Supported by generous help from the Turnovsky Endowment Trust

Beethoven blazes to the front of the NZSO’s ‘Five by Five’ symphony series

By , 24/02/2014

New Zealand International Festival

New Zealand Symphony Orchestra conducted by Hamish McKeich

Beethoven’s Coriolan Overture and Symphony No 5 in C minor, Op 67

Michael Fowler Centre

Monday 24 February, 12:30 pm

Day One of the five concerts devoted to the great fifth symphonies by five great composers opened with a performance that promised a splendidly successful enterprise across the span of the Festival.

It was hard to guess the kind of audience that might buy tickets for a concert at a different time and in a different format from usual. However, the auditorium was reasonably well filled with an audience that seemed younger and more varied than those at the normal subscription concerts.

I had rather expected, at a concert that no doubt anticipated a lot of listeners who were giving classical music a try, some introductory comments from conductor Hamish McKeich. It was probably good simply to let this mighty music speak for itself: even though there was no printed programme or even a list of songs, they launched straight into Beethoven’s Coriolan Overture. The overture was for a play written by a young contemporary of Goethe and Schiller: Heinrich Joseph von Collin. The subject is the same as Shakespeare’s – about a misguided, 5th century BCE Roman general ‘who lets pride and a perverted sense of honour destroy him’ (Folger Library Shakespeare series). Collin is unlikely to have known the Shakespeare play (which has never been particularly popular on the English language stage) for very few of the famous Shakespeare translations by A W Schlegel had appeared by 1804 when Collin’s play was written. I can find no evidence that Schlegel or his successors translated Coriolanus.

The opening chords are dark and compelling, suggesting Coriolanus’s power and blind determination, followed by a gentler lyrical phase that is thought to reflect his mother’s attempt to calm his bellicosity. The impact by the orchestra was of stunning force, all sections magnificently integrated in the expression of purpose, in the resonant and lively acoustic (depending where you sit – I was centre stalls about row S, this place is no less responsive than the Town Hall).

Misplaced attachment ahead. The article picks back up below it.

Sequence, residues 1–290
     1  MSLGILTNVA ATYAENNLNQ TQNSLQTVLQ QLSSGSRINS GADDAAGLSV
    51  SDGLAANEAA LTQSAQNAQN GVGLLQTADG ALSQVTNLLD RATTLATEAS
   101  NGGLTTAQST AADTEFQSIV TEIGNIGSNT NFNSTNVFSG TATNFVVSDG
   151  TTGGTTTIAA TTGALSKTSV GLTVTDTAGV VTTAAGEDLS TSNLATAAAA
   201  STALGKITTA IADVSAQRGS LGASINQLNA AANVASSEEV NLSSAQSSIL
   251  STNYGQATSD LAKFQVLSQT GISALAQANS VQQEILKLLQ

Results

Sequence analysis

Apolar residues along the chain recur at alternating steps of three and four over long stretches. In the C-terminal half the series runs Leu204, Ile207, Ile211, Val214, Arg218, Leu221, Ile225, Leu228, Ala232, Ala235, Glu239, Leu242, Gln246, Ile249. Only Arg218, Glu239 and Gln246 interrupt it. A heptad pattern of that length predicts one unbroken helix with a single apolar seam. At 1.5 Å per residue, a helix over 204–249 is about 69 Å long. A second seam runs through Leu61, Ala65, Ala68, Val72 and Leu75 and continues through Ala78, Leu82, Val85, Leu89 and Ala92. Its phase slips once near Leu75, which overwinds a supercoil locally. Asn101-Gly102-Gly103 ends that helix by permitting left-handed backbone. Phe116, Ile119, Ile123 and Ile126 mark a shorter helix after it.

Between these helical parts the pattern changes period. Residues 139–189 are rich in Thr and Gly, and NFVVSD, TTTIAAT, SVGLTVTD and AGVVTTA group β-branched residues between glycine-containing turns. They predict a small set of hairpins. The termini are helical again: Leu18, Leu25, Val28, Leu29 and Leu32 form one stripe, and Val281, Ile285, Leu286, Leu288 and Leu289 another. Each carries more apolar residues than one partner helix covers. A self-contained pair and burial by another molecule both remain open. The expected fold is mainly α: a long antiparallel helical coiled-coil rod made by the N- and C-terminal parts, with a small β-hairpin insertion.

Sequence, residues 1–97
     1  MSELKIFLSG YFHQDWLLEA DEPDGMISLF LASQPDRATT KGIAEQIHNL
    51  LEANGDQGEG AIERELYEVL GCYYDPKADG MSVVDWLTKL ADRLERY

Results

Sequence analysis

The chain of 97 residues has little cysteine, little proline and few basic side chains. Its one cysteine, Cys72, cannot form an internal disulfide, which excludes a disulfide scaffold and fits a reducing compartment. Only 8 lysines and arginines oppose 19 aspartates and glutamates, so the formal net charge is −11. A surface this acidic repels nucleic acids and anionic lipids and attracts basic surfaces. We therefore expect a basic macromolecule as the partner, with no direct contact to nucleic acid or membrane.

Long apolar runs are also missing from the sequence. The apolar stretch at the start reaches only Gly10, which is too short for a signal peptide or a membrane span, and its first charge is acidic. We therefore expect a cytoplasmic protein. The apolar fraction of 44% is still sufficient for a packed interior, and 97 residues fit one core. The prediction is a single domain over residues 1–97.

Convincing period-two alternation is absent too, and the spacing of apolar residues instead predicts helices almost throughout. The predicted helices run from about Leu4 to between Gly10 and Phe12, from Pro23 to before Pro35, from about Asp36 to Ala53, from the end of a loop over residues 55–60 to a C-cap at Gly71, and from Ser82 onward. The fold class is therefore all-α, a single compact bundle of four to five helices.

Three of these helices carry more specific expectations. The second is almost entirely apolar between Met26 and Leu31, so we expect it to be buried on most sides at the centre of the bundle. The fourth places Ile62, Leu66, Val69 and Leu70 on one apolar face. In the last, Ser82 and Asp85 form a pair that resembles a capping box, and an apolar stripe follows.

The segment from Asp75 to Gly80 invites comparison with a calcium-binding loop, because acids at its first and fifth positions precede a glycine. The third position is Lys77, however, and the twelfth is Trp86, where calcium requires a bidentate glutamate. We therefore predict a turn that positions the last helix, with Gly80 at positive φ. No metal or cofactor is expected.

The symphony was no less majestic and powerful; right from that famous call to attention, so much detail and refinement of expression entered into the biting pulses of the first movement as well as a relentless pursuit of a challenging journey the goal of which was always clearly in view. There was space, scrupulous care with note values, suspenseful dynamics and subtle tempo changes that expressed the blazing determination that propels the music.

The orchestra handled the beautiful second movement with a sort of restrained force and no less passion, again making the perfectly familiar music sound freshly enchanting and surprising. Here it was possible to relish individual playing, always by the cellos, and strings as a whole, several times from the bassoon, while meltingly beautiful colours were spread by the horns.

The magical, secretive transition to the Scherzo always takes me by surprise and this time, as in the thrilling tempo changes through the Finale, the hairs-on-the-back-of-the-neck experience was real.

We are so flooded by music of all kinds today that it is forgivable to wonder whether another hearing of a great but well-known work will yet again have the same impact as it did, first heard many decades ago.  In this case, from the first moment, under the spell of conductor McKeich, I felt that I was present at a very great performance indeed; I have rarely felt such a sense of euphoria throughout the performance and emphatically, when the last insistent chords died away. Far more than ritual applause broke out at the end.

 

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